Practical Proverbial, from 1 Peter, 28 May 2020

Live as free people, but do not use your freedom as a cover-up for evil; live as God’s slaves. 1 Peter 2:16 (NIV).

In the Lord, freedom is slavery.   Huh?

We’ve seen rioters on in our country this week; riots over the death of a man at the hands of a policeman.   Rioting isn’t freedom and living under police isn’t slavery.  Yet those police can’t be free to kill people and we of society can’t tolerate it when they do.   To do so would be to be enslaved by the police.

I’ve also been watching a documentary on U.S. Grant.   Grant was the most successful general in the Civil War, and one of the more upright, moral, and effective presidents in spite of the corruption by officials in his administration.  He opposed actual slavery, fought against the government instituted specifically to preserve it, and fought to end the persecution of former slaves.

In Peter’s time, slavery was still a real and accepted norm.  Peter’s people, the Jews, had been slaves in Egypt a thousand years before, and they were enslaved to the Romans in Judea “now.”   Then as now, slavery was seen as a moral evil.   Yet it was accepted that those who were conquered were enslaved.  Their rights were taken away.   They became forced labor, property, unequal.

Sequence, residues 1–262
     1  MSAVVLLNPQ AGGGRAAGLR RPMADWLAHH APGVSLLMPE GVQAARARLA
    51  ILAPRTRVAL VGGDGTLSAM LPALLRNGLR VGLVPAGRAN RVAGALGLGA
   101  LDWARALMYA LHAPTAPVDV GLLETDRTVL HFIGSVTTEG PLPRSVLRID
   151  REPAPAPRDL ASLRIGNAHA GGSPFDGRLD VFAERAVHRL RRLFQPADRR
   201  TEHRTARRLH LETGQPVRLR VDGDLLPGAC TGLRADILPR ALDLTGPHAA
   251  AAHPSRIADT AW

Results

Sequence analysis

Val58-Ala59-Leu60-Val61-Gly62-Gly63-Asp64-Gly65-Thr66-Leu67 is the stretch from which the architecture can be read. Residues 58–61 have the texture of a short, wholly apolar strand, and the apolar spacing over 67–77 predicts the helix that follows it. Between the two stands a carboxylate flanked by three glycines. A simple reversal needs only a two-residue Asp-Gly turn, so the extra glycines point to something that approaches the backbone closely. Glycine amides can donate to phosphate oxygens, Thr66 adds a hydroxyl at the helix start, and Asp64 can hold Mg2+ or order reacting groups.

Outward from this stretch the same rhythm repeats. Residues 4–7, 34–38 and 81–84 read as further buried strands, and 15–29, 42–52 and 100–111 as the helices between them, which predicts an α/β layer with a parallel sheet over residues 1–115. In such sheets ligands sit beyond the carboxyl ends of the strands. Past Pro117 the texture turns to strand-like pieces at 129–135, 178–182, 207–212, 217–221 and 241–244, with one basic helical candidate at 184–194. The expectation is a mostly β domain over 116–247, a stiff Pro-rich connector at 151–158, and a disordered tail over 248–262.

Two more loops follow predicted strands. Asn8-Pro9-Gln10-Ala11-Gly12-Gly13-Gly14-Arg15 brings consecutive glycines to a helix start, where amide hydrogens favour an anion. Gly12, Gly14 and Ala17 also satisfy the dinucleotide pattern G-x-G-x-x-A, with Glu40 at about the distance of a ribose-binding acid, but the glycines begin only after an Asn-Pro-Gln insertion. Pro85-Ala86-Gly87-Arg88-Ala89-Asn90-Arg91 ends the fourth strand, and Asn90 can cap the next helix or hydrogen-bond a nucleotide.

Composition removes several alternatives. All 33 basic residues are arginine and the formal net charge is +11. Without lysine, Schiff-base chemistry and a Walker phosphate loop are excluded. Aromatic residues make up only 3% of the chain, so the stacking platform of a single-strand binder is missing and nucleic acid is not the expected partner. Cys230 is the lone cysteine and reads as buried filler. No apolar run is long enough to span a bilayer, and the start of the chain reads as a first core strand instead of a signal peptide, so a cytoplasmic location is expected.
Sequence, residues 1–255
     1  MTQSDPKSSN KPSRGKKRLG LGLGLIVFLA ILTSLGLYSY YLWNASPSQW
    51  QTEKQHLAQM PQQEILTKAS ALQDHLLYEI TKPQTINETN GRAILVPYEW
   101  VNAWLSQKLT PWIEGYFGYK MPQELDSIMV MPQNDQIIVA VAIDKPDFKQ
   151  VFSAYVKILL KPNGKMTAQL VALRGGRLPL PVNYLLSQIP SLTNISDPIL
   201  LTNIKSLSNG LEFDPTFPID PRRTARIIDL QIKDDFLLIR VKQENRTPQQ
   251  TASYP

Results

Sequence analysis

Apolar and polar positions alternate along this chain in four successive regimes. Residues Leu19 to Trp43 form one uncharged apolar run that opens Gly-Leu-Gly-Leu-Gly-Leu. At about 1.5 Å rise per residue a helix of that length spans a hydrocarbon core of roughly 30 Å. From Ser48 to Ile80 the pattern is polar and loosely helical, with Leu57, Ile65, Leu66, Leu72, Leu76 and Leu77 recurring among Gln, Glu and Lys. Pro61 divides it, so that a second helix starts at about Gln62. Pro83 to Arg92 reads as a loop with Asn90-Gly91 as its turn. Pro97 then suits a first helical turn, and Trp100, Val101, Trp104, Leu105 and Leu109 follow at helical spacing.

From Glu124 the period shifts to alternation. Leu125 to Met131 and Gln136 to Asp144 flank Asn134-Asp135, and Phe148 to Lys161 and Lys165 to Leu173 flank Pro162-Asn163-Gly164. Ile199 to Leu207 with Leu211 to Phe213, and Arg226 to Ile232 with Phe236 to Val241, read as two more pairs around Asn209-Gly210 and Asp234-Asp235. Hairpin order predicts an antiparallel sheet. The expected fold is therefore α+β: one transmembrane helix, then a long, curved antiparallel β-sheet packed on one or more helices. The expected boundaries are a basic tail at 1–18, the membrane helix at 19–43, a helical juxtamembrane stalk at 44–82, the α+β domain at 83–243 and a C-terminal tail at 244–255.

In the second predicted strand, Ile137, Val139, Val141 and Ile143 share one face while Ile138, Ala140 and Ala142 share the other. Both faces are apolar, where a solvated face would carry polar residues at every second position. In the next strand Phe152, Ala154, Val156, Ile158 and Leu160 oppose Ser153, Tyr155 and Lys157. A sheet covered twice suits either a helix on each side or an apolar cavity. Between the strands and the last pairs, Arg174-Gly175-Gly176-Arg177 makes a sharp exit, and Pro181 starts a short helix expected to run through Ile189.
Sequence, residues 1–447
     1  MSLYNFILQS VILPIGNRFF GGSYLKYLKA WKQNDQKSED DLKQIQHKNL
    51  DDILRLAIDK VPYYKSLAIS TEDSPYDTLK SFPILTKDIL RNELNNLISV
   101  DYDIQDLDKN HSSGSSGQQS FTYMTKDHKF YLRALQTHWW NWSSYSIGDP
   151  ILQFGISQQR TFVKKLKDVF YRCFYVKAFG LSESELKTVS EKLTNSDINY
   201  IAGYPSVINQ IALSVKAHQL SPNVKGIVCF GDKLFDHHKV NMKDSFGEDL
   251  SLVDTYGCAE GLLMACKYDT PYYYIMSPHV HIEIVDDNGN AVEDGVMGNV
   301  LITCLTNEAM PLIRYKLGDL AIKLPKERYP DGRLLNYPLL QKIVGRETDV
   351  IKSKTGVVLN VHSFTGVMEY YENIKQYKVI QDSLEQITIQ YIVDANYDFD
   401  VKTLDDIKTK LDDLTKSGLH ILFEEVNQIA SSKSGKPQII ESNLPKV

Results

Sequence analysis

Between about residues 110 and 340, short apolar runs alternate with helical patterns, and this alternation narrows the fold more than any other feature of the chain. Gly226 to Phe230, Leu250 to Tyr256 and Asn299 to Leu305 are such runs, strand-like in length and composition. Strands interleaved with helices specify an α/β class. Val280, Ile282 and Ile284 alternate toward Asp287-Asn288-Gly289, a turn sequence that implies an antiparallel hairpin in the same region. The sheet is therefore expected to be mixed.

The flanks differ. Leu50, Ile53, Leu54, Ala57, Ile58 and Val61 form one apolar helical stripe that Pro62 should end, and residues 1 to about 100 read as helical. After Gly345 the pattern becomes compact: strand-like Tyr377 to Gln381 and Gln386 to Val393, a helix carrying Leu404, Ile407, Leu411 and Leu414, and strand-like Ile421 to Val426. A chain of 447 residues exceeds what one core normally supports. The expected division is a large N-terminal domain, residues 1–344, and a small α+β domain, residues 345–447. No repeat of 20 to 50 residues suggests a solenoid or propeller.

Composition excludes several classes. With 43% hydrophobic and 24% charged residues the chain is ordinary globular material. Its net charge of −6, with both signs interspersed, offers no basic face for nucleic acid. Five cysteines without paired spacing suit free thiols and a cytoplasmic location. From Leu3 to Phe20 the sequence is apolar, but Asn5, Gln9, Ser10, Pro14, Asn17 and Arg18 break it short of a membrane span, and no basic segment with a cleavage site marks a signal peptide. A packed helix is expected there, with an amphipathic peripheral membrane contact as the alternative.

And yet Peter tells us to live as God’s slaves; to openly, enthusiastically live as free people because the truth of Jesus’ salvation has set us free.   Indeed, there is no freedom, secular or not, without the saving grace of Christ.  Yet in the very same sentence, Christ’s right-hand-man implores us to live as slaves to Jesus.

Huh?

In the verses immediately prior to this one, Peter tells us to submit ourselves to all authorities, even the police, even the corrupt government that wants to physically enslave us.   Even slave owners.  Peter isn’t telling us to live in favor of slavery, but he’s telling us that God is at work through slavery.   It is we people who tolerate slavery, but it is God who works His will through even our toleration of this and other evils. 

So, Peter tells us to take the example of being enslaved to an evil concept – human chattel – and use it as our example for following Christ.   To be owned by Christ.   To submit everything, body and soul, to Christ.   To give up all freedom, even the freedom He gives us, to Him.   To understand that even when we are abused, we allow this to happen out of submission to Him.

May God today move our hearts to remember this as we try to respond to things happening in our world.   Men like Grant fought against slavery.   And there are those in our world today who are still being wronged, even killed.   We need to stand for them, but peacefully, in slavery to Christ, as He would.  As He does.

For further reading:  Romans 6:22, Peter 2:17

Lord Jesus, I’m Your slave.   Work peace in us today.